Argentina’s Vaca Muerta shale goals move further out of reach

Jonathan Gilbert February 19, 2021
Vaca Muerta shale drilling
Vaca Muerta shale drilling

(Bloomberg) --YPF SA, Argentina’s state-run oil company, needs to come up with more than $1 billion to spur drilling in Patagonia, where it’s leading development of the biggest shale patch outside the U.S.

It’s not going to be easy. YPF restructured bonds last week to free up money to spend on shale, which demands a relentless cycle of drilling and fracking. But relatively few creditors took the new notes, and the company could only get $630 million of relief from debt payments over the next two years. It wanted more than that and will have to take extra steps to achieve spending targets, according to a person familiar with the matter.

Cash Crunch

“They really didn’t clean their house as they’d hoped,” said Fernando Valle, an oil analyst for Bloomberg Intelligence in New York. YPF declined to comment.

YPF is aiming for capital expenditures this year of $2.7 billion, which includes $1.3 billion in shale formation Vaca Muerta, as it tries to halt four years of production declines. After the coronavirus pandemic decimated revenue and the debt swap yielded limited results, getting there will require increasing fuel prices, cutting drilling costs, selling local debt, and maybe divesting assets.

At stake is not only the company’s growth strategy, but the future of Vaca Muerta itself as capital controls turn foreign drillers away.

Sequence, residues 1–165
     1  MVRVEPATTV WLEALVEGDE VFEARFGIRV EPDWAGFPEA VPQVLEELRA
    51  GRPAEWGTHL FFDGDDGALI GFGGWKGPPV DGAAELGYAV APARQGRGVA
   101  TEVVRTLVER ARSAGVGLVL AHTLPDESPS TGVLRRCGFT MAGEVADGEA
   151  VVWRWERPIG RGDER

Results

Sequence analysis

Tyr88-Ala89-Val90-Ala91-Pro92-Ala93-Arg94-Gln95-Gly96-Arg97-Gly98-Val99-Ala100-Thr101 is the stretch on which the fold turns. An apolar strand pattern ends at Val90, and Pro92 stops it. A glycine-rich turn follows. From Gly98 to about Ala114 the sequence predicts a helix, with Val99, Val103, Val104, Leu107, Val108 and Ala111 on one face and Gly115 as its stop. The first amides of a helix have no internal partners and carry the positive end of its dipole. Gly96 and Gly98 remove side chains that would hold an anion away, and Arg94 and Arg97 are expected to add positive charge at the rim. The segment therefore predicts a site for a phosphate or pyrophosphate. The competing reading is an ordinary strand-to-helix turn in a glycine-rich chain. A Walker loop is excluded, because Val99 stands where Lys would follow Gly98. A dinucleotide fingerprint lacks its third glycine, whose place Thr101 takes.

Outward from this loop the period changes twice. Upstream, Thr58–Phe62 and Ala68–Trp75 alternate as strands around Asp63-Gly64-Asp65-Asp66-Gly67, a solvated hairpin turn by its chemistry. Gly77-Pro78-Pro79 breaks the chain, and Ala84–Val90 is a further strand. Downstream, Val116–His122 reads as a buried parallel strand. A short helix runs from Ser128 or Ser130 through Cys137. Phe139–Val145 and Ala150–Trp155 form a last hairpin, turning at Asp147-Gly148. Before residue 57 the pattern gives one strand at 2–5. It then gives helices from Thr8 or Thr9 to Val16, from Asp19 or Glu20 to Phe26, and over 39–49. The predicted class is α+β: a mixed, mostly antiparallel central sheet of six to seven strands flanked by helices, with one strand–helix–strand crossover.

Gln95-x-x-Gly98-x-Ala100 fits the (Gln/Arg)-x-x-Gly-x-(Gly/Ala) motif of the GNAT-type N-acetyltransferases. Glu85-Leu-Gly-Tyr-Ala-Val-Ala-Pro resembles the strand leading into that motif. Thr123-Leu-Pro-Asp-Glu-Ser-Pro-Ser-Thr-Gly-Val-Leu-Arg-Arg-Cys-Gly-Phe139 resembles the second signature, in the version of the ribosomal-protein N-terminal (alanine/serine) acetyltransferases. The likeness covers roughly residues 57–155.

Cheap Fuel

Fuel sales are particularly important because YPF refines most of the oil it produces. Demand for gasoline and diesel has fallen because of the pandemic and prices for them in dollar terms are cheap, too, after years of government meddling to tame inflation.

“If you’re using YPF to subsidize consumers it won’t have capital to keep drilling,” Valle said.

The company needs to raise fuel prices this year by 5% in dollars, issue at least $400 million on the local debt market, and keep lowering costs to reach the $2.7 billion target, said Ezequiel Fernandez, an equity analyst in Buenos Aires for Balanz Capital Valores.

That level of spending would allow YPF to grow crude production by 0.5% this year and keep natural gas production flat. It’s a fine line. Anything less than $2.5 billion would mean another fall in output, Fernandez said.

Shale currently accounts for about a fifth of YPF’s crude. It wants to increase that proportion to a quarter this year and to as much as half by 2023. It produced the equivalent of 468,500 barrels a day of oil and gas in the third quarter of 2020, which is similar to Marathon Oil Corp. in the U.S.

YPF reports fourth-quarter earnings on March 4.

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